Music writing usually goes like this: Listen to a band, determine which genre to file them under, describe their sound with a few colorful adjectives, metaphors, and analogies, then inject your opinion on whether or not their efforts were successful. The formula rarely ever fails. Until it does. And when it does, you’re fucked.

Nasalrod completely obliterates any preconceived notions about the boundaries of genre and traditional songwriting. There isn’t any formula for what they do. The Portland band’s new record, Building Machines, will force you to reconsider the capabilities of guitar, bass, and drums. 

The album has no skeletal structure—it’s a formless mass of gonzo musical weirdness. If Building Machines had a spine, though, it’d be punk, because most of the tracks are in-your-face, unhinged, and mildly confrontational. Guitarist Mustin Douch’s style is similar to Dead Kennedys’ East Bay Ray; Douch’s approach is nuanced, and, with the help of some well-placed effects, very theatrical. The band’s vocalist, Chairman, is quite flamboyant and hard to pin down. He growls, sneers, and soulfully belts in a strange vibrato, like a carnival barker who’s having some kind of psychotic break.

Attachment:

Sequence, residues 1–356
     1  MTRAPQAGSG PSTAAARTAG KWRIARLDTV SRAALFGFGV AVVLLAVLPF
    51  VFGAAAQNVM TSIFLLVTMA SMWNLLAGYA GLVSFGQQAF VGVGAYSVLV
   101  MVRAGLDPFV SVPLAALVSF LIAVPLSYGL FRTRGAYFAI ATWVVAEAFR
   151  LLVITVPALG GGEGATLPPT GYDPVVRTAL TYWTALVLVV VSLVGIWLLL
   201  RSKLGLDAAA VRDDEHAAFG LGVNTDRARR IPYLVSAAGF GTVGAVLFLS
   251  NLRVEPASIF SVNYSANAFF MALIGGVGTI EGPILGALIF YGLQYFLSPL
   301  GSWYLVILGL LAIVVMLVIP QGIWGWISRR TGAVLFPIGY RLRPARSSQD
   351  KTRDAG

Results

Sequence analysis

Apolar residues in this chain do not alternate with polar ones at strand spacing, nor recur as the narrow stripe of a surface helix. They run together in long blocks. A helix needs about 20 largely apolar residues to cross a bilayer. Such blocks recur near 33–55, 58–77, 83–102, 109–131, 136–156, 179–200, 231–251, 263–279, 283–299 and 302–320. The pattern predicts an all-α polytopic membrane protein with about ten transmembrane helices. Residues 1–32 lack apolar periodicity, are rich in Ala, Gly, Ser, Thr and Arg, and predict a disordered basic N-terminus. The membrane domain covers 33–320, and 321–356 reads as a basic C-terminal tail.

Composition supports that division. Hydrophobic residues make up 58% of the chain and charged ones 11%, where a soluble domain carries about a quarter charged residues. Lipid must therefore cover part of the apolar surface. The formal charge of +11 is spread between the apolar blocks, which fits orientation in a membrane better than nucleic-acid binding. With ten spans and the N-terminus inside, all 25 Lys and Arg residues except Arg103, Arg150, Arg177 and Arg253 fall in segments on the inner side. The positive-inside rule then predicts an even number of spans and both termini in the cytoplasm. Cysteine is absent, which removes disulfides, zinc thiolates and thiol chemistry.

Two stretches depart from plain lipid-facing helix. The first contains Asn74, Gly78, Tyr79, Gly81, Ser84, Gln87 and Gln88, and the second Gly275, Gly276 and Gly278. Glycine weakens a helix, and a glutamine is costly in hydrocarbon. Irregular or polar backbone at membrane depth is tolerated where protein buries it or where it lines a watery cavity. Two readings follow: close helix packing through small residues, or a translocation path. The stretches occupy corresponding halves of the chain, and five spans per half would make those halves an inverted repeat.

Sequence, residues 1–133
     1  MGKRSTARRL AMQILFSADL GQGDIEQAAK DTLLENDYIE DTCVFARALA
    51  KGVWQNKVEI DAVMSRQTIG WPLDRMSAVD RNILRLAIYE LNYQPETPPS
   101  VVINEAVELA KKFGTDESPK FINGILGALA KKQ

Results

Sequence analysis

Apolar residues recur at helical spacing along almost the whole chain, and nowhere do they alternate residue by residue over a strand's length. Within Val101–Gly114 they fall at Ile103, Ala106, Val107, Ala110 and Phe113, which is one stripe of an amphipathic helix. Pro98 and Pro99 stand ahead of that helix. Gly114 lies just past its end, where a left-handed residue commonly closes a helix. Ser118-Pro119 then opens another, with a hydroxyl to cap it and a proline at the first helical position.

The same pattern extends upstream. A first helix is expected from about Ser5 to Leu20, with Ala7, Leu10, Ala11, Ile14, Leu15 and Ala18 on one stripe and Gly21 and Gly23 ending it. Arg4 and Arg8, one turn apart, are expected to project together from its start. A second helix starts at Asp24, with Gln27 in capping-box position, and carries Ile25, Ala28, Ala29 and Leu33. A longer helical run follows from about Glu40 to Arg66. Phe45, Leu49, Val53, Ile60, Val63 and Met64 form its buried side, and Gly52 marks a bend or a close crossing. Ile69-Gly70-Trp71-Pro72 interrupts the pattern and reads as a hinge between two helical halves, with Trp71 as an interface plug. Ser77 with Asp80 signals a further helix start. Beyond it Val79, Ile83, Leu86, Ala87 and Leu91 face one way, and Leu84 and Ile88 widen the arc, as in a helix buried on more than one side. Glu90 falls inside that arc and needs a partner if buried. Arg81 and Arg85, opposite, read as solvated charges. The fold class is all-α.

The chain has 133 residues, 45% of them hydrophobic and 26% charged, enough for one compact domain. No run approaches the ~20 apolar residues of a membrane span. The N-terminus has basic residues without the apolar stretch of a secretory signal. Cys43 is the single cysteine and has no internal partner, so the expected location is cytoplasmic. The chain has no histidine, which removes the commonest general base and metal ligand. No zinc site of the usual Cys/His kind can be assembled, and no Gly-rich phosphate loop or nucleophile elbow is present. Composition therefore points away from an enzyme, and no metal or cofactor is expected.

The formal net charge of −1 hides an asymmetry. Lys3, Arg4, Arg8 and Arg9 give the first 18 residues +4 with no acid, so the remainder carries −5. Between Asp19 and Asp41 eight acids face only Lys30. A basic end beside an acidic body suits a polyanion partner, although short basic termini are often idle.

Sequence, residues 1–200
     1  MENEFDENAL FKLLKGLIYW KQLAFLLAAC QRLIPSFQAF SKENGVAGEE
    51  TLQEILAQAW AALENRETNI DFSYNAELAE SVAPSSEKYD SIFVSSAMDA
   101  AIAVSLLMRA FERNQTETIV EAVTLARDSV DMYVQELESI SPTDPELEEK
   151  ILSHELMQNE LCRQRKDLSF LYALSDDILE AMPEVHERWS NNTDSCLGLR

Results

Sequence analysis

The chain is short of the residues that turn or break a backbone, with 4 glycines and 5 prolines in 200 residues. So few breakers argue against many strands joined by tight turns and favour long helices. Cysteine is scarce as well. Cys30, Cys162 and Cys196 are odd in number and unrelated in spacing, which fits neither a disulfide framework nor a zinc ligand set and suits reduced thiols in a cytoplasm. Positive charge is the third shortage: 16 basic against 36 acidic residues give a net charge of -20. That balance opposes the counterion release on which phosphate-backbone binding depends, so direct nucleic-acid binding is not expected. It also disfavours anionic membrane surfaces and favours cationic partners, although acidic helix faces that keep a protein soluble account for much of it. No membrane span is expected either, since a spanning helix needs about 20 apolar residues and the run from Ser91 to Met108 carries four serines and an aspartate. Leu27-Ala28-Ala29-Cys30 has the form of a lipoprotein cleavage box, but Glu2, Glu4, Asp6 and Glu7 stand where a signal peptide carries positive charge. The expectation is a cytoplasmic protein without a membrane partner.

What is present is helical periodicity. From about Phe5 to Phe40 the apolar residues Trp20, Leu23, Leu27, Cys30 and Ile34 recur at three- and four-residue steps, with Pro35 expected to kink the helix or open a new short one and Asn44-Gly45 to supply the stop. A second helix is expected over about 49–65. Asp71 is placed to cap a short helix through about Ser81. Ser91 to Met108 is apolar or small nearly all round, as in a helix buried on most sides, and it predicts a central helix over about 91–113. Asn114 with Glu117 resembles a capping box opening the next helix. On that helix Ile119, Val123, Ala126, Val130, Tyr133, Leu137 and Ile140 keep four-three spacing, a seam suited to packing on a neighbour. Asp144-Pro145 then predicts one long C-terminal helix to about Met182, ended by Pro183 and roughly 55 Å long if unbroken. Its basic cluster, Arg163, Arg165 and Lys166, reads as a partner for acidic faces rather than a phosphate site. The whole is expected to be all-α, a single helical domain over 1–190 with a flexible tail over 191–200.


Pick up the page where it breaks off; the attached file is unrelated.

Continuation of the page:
Punk typically implies simplicity, but there’s nothing simple about Building Machines. Each song has verses, bridges, and choruses, but the way they’re strung together is a head-scratcher. Most of the jaw-dropping structural strangeness comes from Douch and drummer Spit Stix—if there’s a ghost note or an odd timing trick, they can exploit it. Thankfully, the bass lines of Mandy Morgan bolster the rest of the band’s unbridled madness. If it weren’t for the base (pun sort of intended) she provides, the whole record would spiral out of control.

Nasalrod is a music writer’s nightmare. But if you like your musicianship uncanny and your style adventurous, Building Machines will have you perplexed and loving it.

Althea Mock